First deployment of Submarine Parachute Action Group during Exercise Oxide

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The just completed naval Exercise Oxide off Maputo saw the first ever utilisation and deployment of the Special Forces submarine parachute action group (SPAG) jumping from a C-130 to ‘rescue’ the submarine SAS Queen Modjadji.

The South African Air Force (SAAF), SA Navy (SAN) and Special Forces (SF) all worked together in real-time to locate the submarine ‘in distress’ and launch a rescue operation. Once the vessel was located, the special forces team parachuted from the C-130 at around 4 000 feet and landed around 50 metres from the submarine, with inflatable boats.

The entire submarine search and rescue operation was successfully completed in just over two hours with airlift provided by a 28 Squadron C-130, working from South Africa, and a 35 Squadron C-47TP based in Maputo, Mozambique.

The air assets were brought into action after the three vessels comprising the exercise fleet – SAS Isandlwana, SAS Isaac Dyobha and the French light surveillance frigate FS Nivose – had successfully tracked down SAS Queen Modjadji, one of the Navy’s three Type 209 submarines and marked as the vessel in distress for this part of the exercise.

Speaking at the exercise debrief aboard SAS Isandlwana in Maputo harbour, task group commander (CTG) Captain (SAN) Jabu Mbotho said all participating elements didn’t just go through the motions.
“All participated actively in the dynamics of conducting the various evolutions which made up Exercise Oxide. This was further proof that experience is not bought but learnt. Overall I would say the experience gained was invaluable.”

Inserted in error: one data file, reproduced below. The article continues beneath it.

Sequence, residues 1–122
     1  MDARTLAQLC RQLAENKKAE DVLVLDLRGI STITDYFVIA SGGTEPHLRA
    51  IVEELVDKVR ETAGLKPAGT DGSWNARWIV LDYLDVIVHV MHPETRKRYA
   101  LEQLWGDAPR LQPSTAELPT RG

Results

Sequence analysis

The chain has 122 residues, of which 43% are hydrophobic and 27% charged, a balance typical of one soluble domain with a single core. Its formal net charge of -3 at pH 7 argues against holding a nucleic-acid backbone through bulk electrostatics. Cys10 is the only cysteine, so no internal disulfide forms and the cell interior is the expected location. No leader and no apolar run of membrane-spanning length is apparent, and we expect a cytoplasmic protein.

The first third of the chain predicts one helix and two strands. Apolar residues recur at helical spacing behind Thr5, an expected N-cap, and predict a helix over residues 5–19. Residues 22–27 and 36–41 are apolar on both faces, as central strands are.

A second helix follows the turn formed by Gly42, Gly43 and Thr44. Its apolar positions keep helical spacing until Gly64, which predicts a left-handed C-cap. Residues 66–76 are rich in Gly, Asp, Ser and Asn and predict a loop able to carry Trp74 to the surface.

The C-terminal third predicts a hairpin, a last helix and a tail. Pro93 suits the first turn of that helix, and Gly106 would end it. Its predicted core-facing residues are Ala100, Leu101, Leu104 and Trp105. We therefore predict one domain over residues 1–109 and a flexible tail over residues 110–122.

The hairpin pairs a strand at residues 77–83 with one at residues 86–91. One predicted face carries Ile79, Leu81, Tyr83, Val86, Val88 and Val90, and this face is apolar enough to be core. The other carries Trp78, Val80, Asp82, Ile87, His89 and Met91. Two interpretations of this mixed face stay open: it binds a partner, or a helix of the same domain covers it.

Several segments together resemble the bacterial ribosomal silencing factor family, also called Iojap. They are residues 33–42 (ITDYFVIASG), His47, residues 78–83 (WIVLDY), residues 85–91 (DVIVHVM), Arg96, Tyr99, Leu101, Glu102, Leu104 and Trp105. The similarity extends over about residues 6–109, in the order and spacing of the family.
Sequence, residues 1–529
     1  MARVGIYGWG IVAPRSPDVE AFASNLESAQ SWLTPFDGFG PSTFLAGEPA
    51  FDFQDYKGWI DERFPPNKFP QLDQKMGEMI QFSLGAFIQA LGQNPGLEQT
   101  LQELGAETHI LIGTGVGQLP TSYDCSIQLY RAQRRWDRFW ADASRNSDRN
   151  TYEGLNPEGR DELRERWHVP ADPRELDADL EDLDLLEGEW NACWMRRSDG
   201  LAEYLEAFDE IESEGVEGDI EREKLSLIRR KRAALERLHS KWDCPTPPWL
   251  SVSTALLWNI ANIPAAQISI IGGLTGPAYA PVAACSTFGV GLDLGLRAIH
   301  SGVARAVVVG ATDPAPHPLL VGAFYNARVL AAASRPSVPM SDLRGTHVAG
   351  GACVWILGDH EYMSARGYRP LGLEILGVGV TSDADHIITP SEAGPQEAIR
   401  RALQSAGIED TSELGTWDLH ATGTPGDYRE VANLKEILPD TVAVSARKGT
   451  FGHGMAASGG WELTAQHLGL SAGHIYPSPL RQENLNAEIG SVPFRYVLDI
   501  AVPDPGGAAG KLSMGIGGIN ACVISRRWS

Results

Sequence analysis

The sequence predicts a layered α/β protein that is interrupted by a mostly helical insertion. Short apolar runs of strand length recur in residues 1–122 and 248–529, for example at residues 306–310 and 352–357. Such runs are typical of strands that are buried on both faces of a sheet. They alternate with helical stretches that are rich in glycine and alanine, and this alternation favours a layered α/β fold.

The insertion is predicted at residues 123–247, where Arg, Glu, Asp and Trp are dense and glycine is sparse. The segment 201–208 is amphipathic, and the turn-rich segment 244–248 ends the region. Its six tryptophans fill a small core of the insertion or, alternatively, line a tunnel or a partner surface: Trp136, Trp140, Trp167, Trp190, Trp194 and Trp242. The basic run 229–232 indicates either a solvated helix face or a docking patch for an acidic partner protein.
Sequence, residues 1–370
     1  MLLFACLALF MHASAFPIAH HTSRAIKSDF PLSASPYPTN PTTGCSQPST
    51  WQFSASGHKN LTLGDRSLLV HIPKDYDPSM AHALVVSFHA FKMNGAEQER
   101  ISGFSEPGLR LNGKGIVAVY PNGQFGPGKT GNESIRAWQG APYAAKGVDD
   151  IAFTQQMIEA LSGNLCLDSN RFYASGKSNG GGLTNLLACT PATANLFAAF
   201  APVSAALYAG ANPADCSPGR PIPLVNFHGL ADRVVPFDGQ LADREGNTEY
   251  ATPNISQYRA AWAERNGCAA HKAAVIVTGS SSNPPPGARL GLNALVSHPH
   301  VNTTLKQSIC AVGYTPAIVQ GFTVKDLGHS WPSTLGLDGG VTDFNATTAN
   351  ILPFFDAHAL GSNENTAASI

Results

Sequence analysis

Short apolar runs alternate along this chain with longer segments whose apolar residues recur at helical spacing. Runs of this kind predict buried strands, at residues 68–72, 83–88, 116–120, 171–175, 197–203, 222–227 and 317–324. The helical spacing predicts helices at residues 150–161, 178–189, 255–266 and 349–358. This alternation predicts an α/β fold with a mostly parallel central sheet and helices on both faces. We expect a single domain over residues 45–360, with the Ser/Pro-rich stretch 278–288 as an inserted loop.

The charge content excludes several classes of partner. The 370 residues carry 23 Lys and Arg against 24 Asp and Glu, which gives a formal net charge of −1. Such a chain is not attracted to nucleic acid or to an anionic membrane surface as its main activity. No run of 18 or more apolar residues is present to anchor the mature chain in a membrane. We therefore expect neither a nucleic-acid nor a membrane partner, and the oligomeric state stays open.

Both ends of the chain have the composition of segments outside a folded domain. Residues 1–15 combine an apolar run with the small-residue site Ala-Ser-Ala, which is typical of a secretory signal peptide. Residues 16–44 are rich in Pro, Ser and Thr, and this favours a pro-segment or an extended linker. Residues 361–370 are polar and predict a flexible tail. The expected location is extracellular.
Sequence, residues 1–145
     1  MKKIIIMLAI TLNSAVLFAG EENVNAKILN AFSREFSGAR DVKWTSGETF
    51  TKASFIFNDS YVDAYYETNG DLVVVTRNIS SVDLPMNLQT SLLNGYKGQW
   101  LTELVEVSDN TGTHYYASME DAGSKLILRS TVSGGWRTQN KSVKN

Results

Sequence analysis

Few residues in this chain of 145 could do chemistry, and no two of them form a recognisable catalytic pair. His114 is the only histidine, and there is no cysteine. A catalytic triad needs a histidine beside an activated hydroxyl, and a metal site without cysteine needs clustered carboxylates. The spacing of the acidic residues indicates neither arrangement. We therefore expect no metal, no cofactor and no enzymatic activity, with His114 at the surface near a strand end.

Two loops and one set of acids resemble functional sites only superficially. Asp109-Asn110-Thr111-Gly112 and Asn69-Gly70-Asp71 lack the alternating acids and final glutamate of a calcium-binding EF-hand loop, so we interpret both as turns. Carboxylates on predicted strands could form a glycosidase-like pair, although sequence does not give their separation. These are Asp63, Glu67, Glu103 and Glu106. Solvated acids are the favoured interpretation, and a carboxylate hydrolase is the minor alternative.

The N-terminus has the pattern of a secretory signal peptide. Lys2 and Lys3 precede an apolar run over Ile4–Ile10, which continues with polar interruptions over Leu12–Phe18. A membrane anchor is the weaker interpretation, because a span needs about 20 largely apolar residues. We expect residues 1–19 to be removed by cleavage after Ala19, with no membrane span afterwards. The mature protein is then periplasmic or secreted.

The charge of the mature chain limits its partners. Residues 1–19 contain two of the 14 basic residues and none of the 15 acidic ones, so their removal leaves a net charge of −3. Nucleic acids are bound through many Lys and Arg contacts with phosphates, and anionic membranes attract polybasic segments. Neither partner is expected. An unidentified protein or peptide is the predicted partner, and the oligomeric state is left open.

Supporting him was SAN Chief Director: Maritime Strategy, Rear Admiral Hanno Teuteberg, who said there was no substitute for training.
“Exercise Oxide provided an ideal opportunity to do this by sending and keeping our ships at sea.”

Another welcome opportunity was for the SAAF Super Lynx maritime helicopter to use its direction finding equipment in a real-time scenario using actual distress frequencies. This gave the 22 Squadron aircrew an improved overall understanding of the essential capabilities of this equipment in a search and rescue environment.

Also on the credit side of the exercise’s ledger was the opportunity for French forces to work with a variety of SA National Defence Force (SANDF) assets in the southern Indian Ocean region, as no other country can provide this, the CTG said.

South African elements involved in the week-long exercise also used it to benchmark operational procedures against those of French armed forces operating in the region.

Apart from the submarine search and rescue, Oxide also saw basic and advanced interdiction and boarding operations, an essential part of counter-piracy taskings, which was the primary objective of the exercise. This involved the SAN’s maritime reaction squadron and French commandos working from rigid inflatable boats (RIBs) launched from frigates and the offshore patrol vessel (OPV) deployed for the exercise.



Vertical replenishment using both French and South African helicopters, multi-ship manoeuvring and gunnery firing were other skills fine-tuned during the exercise.
Click here to view the Exercise Oxide gallery.